“In the past, that has been pretty much a closed-door process. “Commissioners have not been involved in it. The chairman met with the department heads and he determined what needed to go forward. He presented the budget and they voted on it. But, we have opened the door to communications we never had before,” Headley said.

Headley has 28 years of county government experience with 16 of those years in county government management. Most recently, he served as the Dawsonville City Manager.  He holds a Bachelor of Science in Civil Engineering from Virginia Polytechnic Institute and State University and served in the United States Marine Corps. He and his wife, Sandy, and their two daughters reside in Cumming.

Fetch Your News is a hyper local news outlet that covers Dawson, Lumpkin, White, Fannin, Gilmer, Pickens, Union, Towns and Murray counties as well as Cherokee County in N.C. FYN attracts 300,000+ page views per month, 3.5 million impressions per month and approximately 15,000 viewers per week on FYNTV.com and up to 60,000 Facebook page reach. If you would like to follow up-to-date local events in any of those counties, please visit us at FetchYourNews.com

 

 

 

 

 

 

 

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BOC to vote on adjustment to coroner’s budget

News

Coroner Ted Bearden

DAWSONVILLE, Ga – The Dawson County Board of Commissioners is expected to vote on Coroner Ted Bearden’s request for funding for one additional deputy coroner position beginning on Oct. 1 when it meets in a regular session Thursday at 6 p.m. in the County Administration Building.

The position has been approved for the 2019 budget, but Bearden told commissioners during last week’s work session that a 30 percent increase in the number of calls since last year had forced him to hire a deputy coroner this year and pay him out of his own pocket. He did not ask to be reimbursed for his out of pocket expense, but did request commissioners approve funding for the fourth quarter of this year, approximately $3,876.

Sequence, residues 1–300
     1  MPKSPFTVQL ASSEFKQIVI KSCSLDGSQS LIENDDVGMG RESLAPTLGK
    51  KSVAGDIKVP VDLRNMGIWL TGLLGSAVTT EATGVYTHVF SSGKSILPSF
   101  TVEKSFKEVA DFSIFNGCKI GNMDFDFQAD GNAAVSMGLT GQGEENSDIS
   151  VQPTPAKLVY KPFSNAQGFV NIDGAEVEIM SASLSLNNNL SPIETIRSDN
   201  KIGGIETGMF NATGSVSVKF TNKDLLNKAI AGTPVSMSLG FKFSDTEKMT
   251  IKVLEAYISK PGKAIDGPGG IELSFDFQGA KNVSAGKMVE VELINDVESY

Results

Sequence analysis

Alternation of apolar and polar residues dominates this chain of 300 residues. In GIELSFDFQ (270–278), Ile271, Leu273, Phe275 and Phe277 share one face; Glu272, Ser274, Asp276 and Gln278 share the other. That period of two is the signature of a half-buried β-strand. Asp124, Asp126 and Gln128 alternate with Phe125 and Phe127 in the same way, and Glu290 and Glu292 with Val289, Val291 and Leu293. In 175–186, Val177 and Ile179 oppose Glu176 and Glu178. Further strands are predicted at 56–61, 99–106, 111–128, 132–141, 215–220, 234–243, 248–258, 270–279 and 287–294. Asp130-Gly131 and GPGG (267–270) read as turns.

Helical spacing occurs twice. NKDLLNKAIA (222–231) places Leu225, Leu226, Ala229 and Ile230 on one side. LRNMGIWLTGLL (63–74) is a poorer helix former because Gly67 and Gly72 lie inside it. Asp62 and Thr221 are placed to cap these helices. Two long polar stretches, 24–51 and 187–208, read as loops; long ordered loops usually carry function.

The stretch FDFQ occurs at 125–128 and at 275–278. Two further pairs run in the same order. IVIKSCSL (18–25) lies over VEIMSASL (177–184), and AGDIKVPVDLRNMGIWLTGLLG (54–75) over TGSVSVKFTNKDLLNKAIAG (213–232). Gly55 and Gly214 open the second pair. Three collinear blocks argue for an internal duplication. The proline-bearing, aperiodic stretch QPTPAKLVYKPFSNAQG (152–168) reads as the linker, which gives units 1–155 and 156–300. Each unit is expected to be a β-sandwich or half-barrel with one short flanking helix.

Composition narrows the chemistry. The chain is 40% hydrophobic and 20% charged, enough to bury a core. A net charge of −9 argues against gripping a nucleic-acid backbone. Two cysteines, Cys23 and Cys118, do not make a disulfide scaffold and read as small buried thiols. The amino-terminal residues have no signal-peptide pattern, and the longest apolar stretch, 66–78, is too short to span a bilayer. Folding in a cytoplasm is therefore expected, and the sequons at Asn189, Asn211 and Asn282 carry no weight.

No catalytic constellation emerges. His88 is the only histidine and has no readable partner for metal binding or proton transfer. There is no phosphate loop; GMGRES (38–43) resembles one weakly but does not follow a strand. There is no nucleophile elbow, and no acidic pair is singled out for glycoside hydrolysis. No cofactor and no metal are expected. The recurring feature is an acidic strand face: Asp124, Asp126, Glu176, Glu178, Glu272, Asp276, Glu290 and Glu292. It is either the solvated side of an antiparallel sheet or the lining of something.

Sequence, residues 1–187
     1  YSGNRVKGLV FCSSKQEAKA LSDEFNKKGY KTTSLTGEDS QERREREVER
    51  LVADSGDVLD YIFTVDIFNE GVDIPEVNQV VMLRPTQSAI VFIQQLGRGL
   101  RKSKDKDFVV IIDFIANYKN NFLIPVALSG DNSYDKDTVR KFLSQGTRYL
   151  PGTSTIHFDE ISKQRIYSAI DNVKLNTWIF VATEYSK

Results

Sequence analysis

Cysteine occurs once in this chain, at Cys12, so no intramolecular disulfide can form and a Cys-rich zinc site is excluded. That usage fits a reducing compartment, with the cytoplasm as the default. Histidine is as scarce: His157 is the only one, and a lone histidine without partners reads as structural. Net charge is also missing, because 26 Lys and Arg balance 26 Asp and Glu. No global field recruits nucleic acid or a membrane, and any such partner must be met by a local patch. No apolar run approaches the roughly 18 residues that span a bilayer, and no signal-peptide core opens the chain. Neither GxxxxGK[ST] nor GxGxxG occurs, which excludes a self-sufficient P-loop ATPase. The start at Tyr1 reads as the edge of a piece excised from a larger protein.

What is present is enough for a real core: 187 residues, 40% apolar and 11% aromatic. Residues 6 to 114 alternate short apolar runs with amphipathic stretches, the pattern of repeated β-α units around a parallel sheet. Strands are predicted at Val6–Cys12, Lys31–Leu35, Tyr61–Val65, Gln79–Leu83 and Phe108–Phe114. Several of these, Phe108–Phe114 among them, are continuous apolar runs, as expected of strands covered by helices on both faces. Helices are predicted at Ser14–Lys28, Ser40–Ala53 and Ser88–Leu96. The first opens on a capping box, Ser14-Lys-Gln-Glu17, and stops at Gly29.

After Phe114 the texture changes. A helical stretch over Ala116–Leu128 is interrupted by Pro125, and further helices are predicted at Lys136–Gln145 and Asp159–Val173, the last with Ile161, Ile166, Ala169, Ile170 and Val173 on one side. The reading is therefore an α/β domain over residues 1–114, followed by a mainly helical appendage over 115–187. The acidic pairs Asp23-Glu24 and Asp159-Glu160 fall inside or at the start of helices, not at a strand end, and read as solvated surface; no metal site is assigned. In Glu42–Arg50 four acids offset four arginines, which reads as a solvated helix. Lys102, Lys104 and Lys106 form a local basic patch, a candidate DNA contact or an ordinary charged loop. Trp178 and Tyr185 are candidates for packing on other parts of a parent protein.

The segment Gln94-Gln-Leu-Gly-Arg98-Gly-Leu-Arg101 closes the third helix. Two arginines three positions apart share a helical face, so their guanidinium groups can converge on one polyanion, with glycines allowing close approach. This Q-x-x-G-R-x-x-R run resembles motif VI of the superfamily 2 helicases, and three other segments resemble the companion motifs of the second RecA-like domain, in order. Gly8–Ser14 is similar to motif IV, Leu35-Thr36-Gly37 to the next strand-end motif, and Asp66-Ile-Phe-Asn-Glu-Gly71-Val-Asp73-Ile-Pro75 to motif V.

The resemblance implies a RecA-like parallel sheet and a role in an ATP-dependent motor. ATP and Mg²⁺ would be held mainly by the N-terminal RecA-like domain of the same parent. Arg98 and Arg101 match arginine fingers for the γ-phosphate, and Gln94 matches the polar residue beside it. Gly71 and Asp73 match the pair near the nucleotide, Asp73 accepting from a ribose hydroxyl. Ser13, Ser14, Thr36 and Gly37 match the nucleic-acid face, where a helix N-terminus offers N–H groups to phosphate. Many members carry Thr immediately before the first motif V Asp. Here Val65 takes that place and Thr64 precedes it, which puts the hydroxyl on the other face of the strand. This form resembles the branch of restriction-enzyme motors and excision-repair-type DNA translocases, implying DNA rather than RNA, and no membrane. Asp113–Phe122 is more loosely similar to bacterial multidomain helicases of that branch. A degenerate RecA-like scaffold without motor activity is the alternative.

He also asked that the coroner’s budget for Other Services (morgue-transportation) be increased by $8,000. He pointed out that the expense had been budgeted for $25,900 in 2017 but only $19,000 this year.

Counties are required by state statute to pay for burial or cremation of indigent deceased persons. Bearden requested that the county only provide cremation service because the reimbursable expense to counties is only $2,000. “There is no way to bury someone for that amount,” he said.

Thursday’s meeting will also see commissioners vote on a conditional use permit requested by Herman Goforth to allow for multiple accessory structures to be built on a 2.744-acre tract. The property is located on Lumpkin Campground Road near Hwy. 53.

Another request commissioners will have to vote on is one made by Public Works Director David McKee who has asked for a professional services exemption for Wakefield Beasley and Associates. The company provided the preliminary civil engineering design for the Veterans Memorial Park ballfield dirt relocation and storm water management plan, which was incorporated into the full design plans for the construction of the new Senior Center building.